I agree, ignore some of the back and forth noise between some of the posters here. I enjoy reading some of their posts as entertaining and enlightening at the same time. In this age of social media/on-line forums one has to be a careful and discerning reader. There are so many different "flavors" of HOA/Condo properties through-out the country that some situations are unique. The pseudo HOA I live in also requires deeded ownership to vote and attend the annual HOA meetings. I say pseudo because it is not your typical HOA in that the covenants expired but there is still common property to maintain.

I am just sharing information I am aware of from family experience. Good luck getting some complete information so you can move on with your plans.




Hello BS,

Thank you for the reply.

When I graduated from high school, I went to college. When I graduated from college (with my bachelor's degree), I went to graduate school. I was in the process of getting my master's degree when I was stricken with my illness when I was 22 years old. Consequently, I had no work history. In order to receive Social Security Disability benefits, you must have paid into it for X number of quarters. Bacause of my situation, I had never paid into Social Security when I was stricken with my illness. As a result, when I became disabled, I had to apply for SSI Disability benefits. For that reason, the US government places all of these restrictions on me. People who receive Social Security Disability benefits don't have all of these income/asset restrictions placed on them. Your brother-in-law is in the same situation as me.

In addition to my SSI Disability benefits, I also have to worry about losing my health insurance. I think there are different asset/income limitations for SSI and my health insurance.

It is all very confusing. That is why I feel it is best for me to NOT list my name on a deed.




Thank you for sharing your personal story. It takes courage to share that in an on-line forum. I wish I had some ideas for you. I can understand not wanting to be on a property deed so as not to complicate your disability situation. You mentioned a sister that would possibly be on the property deed. If she were on the deed, she would have membership rights. Would she be willing to provide information to you about the HOA and keep you in the loop of what is going on. Could you then express your desires about voting on topics and voting on board members and all things HOA related. I know it is not ideal but perhaps would satisfy a bit of your desire to participate in the HOA through your sister. Sometimes circumstances leave us with a less than the desired involvement.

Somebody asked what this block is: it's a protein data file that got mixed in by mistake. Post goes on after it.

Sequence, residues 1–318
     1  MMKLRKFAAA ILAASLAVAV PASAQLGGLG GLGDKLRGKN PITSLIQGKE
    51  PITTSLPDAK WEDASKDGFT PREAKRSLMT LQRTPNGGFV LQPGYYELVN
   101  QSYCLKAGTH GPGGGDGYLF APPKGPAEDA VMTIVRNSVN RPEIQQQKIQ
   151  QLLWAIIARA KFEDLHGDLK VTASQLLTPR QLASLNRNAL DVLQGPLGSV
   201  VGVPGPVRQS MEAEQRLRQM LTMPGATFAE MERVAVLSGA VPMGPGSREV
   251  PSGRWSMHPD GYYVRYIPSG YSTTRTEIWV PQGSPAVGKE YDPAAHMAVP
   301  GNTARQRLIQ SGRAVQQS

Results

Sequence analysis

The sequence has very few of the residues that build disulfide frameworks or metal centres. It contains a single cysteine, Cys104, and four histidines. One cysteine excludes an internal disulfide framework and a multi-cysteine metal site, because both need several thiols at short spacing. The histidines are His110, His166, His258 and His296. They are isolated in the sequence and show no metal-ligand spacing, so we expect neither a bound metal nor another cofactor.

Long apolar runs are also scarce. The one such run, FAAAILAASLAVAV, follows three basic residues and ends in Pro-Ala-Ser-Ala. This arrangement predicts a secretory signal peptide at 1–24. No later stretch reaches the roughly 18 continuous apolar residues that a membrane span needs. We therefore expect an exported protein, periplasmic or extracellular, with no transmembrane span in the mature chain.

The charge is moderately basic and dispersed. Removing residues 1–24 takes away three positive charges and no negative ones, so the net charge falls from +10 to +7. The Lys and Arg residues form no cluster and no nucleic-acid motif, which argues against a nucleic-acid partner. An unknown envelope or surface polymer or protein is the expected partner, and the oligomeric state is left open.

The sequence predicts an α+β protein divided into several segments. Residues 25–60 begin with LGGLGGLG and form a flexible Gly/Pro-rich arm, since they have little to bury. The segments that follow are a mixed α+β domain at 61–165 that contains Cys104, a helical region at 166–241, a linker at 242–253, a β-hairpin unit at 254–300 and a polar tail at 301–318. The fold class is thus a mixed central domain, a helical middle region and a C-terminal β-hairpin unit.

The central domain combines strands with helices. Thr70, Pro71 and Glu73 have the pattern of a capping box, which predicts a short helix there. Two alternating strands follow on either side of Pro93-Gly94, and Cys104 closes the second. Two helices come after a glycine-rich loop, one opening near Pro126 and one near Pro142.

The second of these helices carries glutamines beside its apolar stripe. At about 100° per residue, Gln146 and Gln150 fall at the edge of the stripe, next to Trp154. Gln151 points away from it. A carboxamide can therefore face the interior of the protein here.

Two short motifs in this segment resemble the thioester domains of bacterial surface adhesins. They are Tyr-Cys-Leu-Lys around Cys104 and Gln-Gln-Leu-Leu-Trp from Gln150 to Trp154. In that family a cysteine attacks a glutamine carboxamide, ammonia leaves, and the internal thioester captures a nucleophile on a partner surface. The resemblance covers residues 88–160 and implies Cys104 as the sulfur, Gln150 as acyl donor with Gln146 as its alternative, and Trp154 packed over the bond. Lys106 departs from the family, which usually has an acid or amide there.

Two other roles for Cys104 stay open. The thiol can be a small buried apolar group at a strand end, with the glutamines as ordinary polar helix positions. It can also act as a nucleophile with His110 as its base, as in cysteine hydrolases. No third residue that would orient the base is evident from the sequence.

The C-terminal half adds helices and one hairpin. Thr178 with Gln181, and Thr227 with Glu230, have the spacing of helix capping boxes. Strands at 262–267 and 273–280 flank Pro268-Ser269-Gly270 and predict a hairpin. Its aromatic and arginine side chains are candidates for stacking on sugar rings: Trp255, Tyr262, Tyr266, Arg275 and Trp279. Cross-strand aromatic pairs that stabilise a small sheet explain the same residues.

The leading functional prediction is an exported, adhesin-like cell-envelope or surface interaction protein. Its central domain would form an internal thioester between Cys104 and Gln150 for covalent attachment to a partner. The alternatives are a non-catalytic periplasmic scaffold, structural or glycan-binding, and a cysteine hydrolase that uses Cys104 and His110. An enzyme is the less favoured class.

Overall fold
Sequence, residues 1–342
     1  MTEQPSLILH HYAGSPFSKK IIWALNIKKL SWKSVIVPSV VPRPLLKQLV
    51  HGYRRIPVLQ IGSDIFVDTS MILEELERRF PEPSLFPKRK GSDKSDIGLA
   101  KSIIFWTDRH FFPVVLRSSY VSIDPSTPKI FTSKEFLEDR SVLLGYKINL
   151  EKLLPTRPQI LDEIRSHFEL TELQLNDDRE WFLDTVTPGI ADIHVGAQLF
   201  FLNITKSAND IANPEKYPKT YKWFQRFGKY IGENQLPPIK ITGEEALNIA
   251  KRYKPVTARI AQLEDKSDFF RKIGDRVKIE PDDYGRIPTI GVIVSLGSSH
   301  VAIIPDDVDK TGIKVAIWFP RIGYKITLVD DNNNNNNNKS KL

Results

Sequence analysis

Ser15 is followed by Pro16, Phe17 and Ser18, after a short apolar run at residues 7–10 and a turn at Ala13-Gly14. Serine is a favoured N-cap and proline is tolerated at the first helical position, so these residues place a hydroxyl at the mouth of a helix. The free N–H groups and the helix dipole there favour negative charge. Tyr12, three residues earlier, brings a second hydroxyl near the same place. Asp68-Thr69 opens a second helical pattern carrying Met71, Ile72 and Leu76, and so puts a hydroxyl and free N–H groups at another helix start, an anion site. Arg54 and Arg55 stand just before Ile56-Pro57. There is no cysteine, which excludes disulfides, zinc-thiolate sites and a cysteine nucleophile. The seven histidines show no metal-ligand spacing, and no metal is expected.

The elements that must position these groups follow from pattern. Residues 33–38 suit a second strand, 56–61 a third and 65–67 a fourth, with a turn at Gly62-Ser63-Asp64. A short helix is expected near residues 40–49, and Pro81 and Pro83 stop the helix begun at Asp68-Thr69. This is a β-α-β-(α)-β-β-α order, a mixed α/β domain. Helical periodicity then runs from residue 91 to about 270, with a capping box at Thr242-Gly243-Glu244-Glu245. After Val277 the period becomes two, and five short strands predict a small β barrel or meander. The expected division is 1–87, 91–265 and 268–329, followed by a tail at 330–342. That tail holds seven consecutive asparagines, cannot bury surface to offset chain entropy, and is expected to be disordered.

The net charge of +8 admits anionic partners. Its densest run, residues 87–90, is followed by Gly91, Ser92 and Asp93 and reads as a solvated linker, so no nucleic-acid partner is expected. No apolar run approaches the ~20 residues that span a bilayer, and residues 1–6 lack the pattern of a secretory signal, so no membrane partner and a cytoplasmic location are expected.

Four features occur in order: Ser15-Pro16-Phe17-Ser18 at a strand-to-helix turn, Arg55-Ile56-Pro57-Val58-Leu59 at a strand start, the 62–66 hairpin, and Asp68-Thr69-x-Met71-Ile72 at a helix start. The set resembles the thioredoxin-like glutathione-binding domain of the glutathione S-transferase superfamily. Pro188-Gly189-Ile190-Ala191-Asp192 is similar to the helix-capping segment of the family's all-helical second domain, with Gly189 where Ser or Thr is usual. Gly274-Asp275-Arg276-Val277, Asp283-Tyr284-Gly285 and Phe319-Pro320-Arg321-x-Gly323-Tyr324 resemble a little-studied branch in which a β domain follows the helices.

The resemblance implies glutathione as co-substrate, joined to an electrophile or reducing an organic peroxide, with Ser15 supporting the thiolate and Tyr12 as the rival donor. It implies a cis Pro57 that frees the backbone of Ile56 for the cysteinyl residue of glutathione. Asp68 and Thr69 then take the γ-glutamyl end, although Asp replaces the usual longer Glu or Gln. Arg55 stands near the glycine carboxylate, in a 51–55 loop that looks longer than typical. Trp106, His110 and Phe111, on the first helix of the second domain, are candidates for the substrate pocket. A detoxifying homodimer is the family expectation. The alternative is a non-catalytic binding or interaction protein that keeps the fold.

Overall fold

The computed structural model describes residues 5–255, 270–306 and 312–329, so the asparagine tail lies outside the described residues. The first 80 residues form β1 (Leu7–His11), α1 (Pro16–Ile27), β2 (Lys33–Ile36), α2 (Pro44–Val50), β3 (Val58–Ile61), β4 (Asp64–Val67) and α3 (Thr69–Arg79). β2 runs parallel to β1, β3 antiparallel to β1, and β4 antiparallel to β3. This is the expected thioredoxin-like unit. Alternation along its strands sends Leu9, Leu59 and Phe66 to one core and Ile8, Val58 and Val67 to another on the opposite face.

I personally am not involved in my HOA except to send my yearly dues. That is perfectly fine with me. I was sued by the HOA board several years ago and prefer to put that ugliness behind me and stay away. It is clearly a board that bickers and places emphasis on items that I see as nit picky but I applaud them for keeping the bills paid and keeping up on the maintenance of the common areas. Perhaps that would be enough involvement for you to have the home in the poconos that you wish for.

I just realized that my initials on this forum are BS. HA!
MelissaP1
(Alabama)

Posts:10595


06/07/2021 5:39 PM  
As its name implies, SSDI is an insurance program. So long as you are unable to engage in substantial gainful activity, you will qualify for SSDI if you have earned the appropriate work credits. Owning real estate alone should never disqualify someone from qualifying for SSDI.

Well that was a quick google search...

Former HOA President
DouglasK1
(Florida)

Posts:1689


06/07/2021 5:55 PM  
Posted By AugustO on 06/07/2021 3:22 PM
Posted By DouglasK1 on 06/07/2021 12:10 PM
Generally speaking, you can't get the rights of being an owner without being officially recorded as an owner (name on the deed). There has been some discussion in threads here about whether being granted Power of Attorney confers voting rights, but I don't know that I've seen a conclusive answer.